Hi stranger! Signing up for MypetMD is easy, free and puts the most relevant content at your fingertips.

Get Instant Access To

  • 24/7 alerts for pet-related recalls

  • Your own library of articles, blogs, and favorite pet names

  • Tools designed to keep your pets happy and healthy



or Connect with Facebook

By joining petMD, you agree to the Privacy Policy.

PetMD Seal

Mouth Inflammation and Ulcers (Chronic) in Cats

ADVERTISEMENT

Oral Ulceration and Chronic Ulcerative Paradental Stomatitis in Cats

 

One type of oral disease which affects cats is oral ulceration and chronic ulcerative paradental stomatitis (CUPS). It is a disease of the mouth which causes painful ulcers on the gums and mucosal lining of the mouth cavity. The cause of this condition has been determined to be a hypersensitive immune response to bacteria and plaque on the tooth surfaces, and sometimes signs of CUPS will start subsequent to a dental cleaning, when these materials are loosened in the mouth. 

 

Cats with this condition tend to develop lymphocytic plasmacytic stomatitis (LPS), which is a severe inflammation of the entire mouth. LPS is extremely painful and will interfere with your cat's normal activities. It is indicated by bright red gums (gingiva) and mouth, bleeding gums, and crying out when eating or performing other normal activities with the mouth. While it appears that manipulation and antigenic (substances that stimulate the production of antibodies in the body) stimulation in the oral cavity may trigger stomatitis, it is also believed that such animals would probably have eventually developed the disease anyway. In some cases, the only resolution is to remove all of the teeth, so that the bacteria that is normally found on the surface of the teeth is no longer present in the mouth at all. Somali and Abyssinian breeds appear to be at a higher risk than other cat breeds for developing this disease.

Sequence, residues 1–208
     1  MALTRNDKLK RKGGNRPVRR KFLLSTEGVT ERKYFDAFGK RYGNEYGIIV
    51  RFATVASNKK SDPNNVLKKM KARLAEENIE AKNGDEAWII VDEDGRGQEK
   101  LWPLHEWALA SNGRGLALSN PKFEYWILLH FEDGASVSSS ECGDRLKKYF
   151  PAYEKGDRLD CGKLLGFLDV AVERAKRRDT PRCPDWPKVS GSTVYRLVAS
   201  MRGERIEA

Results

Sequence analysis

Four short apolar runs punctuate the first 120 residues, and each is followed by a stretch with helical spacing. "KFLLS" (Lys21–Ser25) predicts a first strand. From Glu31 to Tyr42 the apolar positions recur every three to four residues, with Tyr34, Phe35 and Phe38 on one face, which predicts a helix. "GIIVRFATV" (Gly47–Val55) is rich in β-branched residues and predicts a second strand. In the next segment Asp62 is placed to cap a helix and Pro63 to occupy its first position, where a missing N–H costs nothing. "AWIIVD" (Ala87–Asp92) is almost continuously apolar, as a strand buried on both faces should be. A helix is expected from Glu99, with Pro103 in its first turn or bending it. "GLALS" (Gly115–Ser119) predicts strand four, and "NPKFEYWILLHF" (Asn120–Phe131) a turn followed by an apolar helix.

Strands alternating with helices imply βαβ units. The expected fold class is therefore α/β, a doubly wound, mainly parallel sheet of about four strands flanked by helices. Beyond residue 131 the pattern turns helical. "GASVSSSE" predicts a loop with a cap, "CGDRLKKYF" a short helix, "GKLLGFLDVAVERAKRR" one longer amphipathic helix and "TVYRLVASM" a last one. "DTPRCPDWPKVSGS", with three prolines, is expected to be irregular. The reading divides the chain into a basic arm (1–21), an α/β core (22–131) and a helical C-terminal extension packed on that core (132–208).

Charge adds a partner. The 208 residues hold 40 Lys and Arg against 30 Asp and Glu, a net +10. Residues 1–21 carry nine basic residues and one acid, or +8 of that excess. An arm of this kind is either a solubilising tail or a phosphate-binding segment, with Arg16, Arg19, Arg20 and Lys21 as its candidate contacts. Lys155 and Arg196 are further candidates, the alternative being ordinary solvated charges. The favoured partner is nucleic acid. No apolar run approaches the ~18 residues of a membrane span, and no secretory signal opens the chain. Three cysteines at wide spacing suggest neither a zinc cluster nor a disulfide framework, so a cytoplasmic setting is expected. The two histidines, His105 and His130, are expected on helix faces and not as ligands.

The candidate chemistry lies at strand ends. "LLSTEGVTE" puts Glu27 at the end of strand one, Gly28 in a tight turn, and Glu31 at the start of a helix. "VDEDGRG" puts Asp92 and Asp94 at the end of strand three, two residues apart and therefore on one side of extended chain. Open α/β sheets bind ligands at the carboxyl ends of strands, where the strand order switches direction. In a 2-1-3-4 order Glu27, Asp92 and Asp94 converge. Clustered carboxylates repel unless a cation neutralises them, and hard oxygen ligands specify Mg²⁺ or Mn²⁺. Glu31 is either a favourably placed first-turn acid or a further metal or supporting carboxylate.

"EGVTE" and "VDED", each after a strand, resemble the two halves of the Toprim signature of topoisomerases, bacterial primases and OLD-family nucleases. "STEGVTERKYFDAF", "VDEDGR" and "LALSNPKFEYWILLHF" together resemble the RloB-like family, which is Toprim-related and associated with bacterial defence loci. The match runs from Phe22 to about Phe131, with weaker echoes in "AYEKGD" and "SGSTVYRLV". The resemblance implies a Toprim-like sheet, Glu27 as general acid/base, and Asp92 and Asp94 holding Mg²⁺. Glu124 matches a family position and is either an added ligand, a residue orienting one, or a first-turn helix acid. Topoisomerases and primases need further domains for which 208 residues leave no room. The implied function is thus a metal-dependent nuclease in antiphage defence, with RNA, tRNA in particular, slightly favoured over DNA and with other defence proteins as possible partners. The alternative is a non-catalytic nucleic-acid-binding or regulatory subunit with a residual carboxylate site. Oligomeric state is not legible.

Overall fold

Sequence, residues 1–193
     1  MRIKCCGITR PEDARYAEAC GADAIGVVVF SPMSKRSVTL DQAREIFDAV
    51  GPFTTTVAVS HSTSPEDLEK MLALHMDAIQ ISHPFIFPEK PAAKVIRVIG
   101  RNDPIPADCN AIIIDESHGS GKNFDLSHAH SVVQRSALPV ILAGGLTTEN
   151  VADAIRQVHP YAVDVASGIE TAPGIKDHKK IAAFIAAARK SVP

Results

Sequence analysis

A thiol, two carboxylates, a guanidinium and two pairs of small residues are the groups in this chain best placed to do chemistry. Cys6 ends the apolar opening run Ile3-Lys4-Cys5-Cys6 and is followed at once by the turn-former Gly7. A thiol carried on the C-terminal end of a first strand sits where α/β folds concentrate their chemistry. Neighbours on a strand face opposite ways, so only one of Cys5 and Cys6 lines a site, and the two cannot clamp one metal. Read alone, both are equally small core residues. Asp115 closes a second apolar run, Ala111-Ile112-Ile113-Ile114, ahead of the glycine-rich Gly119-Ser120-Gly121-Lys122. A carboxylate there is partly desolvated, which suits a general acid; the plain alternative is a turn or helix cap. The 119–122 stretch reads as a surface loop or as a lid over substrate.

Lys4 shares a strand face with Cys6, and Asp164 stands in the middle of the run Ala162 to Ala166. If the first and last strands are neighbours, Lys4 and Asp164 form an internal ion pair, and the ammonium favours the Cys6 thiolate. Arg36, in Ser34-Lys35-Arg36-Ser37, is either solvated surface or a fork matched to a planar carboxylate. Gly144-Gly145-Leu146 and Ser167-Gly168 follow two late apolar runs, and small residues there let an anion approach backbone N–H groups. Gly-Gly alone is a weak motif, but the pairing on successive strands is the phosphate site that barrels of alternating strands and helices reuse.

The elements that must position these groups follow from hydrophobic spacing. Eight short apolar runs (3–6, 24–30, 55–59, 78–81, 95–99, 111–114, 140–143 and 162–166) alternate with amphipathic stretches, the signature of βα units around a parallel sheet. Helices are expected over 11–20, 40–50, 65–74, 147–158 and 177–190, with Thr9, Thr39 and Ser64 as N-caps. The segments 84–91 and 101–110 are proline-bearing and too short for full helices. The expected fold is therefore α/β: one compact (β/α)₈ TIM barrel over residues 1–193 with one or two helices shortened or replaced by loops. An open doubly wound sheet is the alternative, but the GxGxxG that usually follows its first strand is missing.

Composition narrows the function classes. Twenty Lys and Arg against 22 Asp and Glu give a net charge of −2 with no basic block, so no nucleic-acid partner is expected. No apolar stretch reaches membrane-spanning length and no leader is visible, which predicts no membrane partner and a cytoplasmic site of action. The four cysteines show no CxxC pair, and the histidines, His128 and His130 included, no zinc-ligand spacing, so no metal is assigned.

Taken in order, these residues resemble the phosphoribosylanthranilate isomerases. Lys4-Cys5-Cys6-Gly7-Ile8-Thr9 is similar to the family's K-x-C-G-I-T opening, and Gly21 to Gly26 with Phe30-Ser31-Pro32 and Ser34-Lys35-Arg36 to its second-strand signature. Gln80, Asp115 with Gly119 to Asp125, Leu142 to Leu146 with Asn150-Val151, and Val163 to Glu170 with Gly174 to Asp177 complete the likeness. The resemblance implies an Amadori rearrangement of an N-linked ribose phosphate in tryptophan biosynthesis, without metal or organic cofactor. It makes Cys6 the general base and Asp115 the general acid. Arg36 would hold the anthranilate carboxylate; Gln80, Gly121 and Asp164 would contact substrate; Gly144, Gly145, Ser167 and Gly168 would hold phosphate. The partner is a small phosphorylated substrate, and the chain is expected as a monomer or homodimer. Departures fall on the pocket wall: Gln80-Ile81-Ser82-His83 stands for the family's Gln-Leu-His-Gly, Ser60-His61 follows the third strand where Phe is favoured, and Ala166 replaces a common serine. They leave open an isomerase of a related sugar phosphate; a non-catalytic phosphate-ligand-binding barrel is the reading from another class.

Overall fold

Symptoms and Types

 

  • Bad breat (halitosis)
  • Swollen gums (gingivitis)
  • Faucitis (inflammation of the cavity at the back of the mouth – the fauces)
  • Pharyngitis (inflammation of the back of the mouth, continuous into the larynx – the pharynx)
  • Buccitis/buccal mucosal ulceration (tissue of the inner cheeks)
  • Thick, ropey saliva (ptyalism)
  • Pain
  • Loss of appetite (anorexia)
  • Mucosal ulceration on the gums that meet the lips – also called "kissing ulcers"
  • Plaque on teeth
  • Exposed, necrotic bone (alveolar osteitis and idiopathic osteomyelitis)
  • Scar formation on the lateral margins of the tongue from prolonged inflammation and ulceration

 

Causes

 

Metabolic

  • Diabetes mellitus
  • Hypoparathyroidism
  • Hypothyroidism
  • Uremia caused by renal disease

Nutritional

  • Protein-calorie malnutrition
  • Riboflavin deficiency

Neoplastic

Immune-mediated

  • Pemphigus vulgaris
  • Bullous pemphigoid
  • Systemic lupus erythematosus
  • Discoid lupus erythematosus
  • Drug-induced―toxic epidermal necrolysis
  • Immune-mediated vasculitis

Infectious

Traumatic

  • Foreign body
  • Bone or wood fragments in mouth
  • Electric cord shock
  • Malocclusion

Chemical/Toxic

  • Acids
  • Thallium

Idiopathic

 

 

 

Related Articles

Inflammation of the Soft Tissues in a Cat's Mouth

Stomatitis is the condition where the soft tissues in an animal's mouth become irritated and inflamed. In a cat's mouth, these tissues include...

READ MORE
Mouth Cancer (Melanocytic) in Cats

Oral tumors can be extremely debilitating and painful disease for cats, often resulting in death. Melanocytic tumors, which are the third most...

READ MORE
Tooth Decay in Cats

Feline odontoclastic tooth destruction (resorption) is extremely common. Roughly half of all cats over five years of age have at least one instance...

READ MORE
Retained Deciduous Teeth in Cats

A retained or persistent deciduous (baby) tooth is one that is still present despite the eruption of the permanent tooth (which takes place between...

READ MORE
MORE FROM PETMD.COM